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Adding a Buffered Output

Easy Mod for Your TS clone

The typical clone of the Tube Screamer, as found on numerous pedal sites on the Internet, will have the switching wired in the classic true bypass configuration as shown here. The circuitry across the top, including the input buffer, distortion, tone control and output buffer, is all on the pc board. The input and output of the board are wired to a footswitch as shown here for a DPDT.

The drawing has the internal switch contacts on the DPDT illustrated in red, and it is in the bypass position in the drawing. The signal enters on the left, passes through the jumper and to the output jack on the right. There is no connection with the pc board when bypassed. (The dotted red line is not a connection but merely indicates that the switch contacts move in unison.)

When activated, the red contacts move up to connect the center switch lugs with the top set. The guitar signal will then come in to the left center lug of the switch, up to the top left contact which connects to the distortion circuit's input buffer built around Q1. After being processed by the distortion stage and tone control, the signal is buffered by Q2 and sent to the switch which connects it now to the output jack.

An advantage of true bypass switching is that when the circuit is not activated, there is nothing but a wire connection between the input and ouput jacks so the sound is not altered in any way. This preserves the pure tone of the guitar when the pedal is not being used.

While true bypass is a feature desired by many pedal buyers (or builders), the original TS had a buffered bypass, where the signal was processed by a transistor buffer even when bypassed. The advantage of this method is that the output is a low impedance drive circuit that is capable of driving long cables without significant tone loss.

It is easy to convert a clone Tube Screamer board to have a buffered bypass. Only two components are required for the mod; a resistor and a capacitor.

The modified switching method is shown above. A capacitor (C1) and a resistor (R1) have been added to produce a new output signal from the Q1 buffer. The switch is toggling the output jack's connection between the buffered output of Q1 and the buffered distortion signal from Q2.

To make this mod, find Q1 on the pc board. The emitter will be the pin connected to the 10k resistor and you will have to drill a small hole on the pcb so that a wire can be added. The new capacitor and resistor will have to be external to the board and a good place to add them is at the switch - the new wire from the pcb goes to the plus side of the 10uF and the negative side of C1 goes to the bottom left switch lug. R1 can be mounted on the switch by wiring it from the bottom left switch lug to the center right lug. Connect the pcb output and the output jack to the switch and mod is complete.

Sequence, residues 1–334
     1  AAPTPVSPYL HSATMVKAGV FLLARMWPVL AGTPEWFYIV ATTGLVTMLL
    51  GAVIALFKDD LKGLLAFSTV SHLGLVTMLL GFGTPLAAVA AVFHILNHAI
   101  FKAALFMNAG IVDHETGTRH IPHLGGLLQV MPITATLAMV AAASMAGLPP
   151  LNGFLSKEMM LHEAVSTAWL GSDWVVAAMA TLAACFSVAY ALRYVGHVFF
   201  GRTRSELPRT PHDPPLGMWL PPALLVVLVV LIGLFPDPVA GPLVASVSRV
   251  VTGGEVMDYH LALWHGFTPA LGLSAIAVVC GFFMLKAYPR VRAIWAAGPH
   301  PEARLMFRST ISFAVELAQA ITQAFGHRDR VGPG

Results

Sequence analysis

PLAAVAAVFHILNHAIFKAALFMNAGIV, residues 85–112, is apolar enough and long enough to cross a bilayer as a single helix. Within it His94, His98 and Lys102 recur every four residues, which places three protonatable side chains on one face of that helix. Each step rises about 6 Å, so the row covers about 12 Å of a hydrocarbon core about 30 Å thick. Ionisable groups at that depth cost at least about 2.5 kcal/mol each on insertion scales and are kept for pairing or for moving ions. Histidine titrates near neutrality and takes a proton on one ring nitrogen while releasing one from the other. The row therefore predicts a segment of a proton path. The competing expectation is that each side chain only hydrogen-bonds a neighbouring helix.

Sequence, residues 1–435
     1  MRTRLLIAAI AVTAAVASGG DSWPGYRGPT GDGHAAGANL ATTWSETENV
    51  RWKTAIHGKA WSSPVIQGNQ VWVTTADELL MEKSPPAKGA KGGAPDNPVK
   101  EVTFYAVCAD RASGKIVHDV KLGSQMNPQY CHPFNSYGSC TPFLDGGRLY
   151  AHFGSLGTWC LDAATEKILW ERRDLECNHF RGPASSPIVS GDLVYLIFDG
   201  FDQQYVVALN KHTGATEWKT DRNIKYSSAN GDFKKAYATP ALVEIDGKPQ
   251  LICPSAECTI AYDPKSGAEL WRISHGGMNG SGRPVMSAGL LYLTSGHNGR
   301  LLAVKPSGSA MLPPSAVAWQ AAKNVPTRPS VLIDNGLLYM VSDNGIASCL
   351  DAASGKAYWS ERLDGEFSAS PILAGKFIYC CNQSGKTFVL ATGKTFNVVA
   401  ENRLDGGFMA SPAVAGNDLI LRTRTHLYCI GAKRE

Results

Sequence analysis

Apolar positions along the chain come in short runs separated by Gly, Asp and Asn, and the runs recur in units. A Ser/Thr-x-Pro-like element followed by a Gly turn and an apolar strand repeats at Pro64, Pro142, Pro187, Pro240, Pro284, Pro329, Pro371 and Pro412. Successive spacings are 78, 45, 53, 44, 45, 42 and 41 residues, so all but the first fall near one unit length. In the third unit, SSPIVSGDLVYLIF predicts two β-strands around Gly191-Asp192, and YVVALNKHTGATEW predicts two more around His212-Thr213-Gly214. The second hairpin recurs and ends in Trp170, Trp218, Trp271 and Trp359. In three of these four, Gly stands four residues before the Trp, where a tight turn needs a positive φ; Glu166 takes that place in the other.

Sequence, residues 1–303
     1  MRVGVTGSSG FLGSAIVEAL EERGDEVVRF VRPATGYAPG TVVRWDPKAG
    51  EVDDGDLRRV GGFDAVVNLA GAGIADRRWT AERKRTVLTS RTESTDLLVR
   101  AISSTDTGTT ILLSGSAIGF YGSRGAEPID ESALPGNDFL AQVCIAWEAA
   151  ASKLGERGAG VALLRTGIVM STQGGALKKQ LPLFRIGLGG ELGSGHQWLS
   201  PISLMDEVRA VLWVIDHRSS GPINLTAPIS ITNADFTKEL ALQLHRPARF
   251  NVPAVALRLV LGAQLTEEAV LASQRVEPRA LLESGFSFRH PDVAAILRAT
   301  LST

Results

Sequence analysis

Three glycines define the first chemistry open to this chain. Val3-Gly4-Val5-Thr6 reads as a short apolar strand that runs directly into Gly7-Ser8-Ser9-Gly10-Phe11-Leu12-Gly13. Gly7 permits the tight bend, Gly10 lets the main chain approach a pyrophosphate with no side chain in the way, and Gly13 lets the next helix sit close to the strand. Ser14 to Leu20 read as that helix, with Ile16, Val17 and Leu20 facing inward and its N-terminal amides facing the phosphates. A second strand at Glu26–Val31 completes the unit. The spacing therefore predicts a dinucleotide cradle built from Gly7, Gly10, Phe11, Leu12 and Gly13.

Because only one set of contacts is now required to manage the audio signal, the second set of lugs on the DPDT can be put to use for switching an LED indicator. In the original true bypass version, an extra set of contacts (and a 3PDT) are required if you want a indicator light. Make the connections as shown above to add the LED. A suggested value for the current limiting resistor on the LED is 2.2k to 4.7k. The AMZ LED resistor calculator is a good tool to quickly work out the value of the resistor.

The output will work without R1 but it is included to prevent pops when the switch is toggled.

Since a similar buffer arrangement is used in the Boss SD-1, DS-1 and many other pedals in the Ibanez and Boss lines, this mod will work equally well for those clones.

For comparison, a 3PDT and DPDT are shown in this photo. The 3PDT is the pair of switches on the left and the DPDT is the smaller pair on the right. The DPDT is Mouser part number 107-SF12020F-L or they are available at Small Bear Electronics.

This is an easy modification to make to your next project and allows the pedal to perform double-duty as a line drive/buffer when bypassed. Try it!


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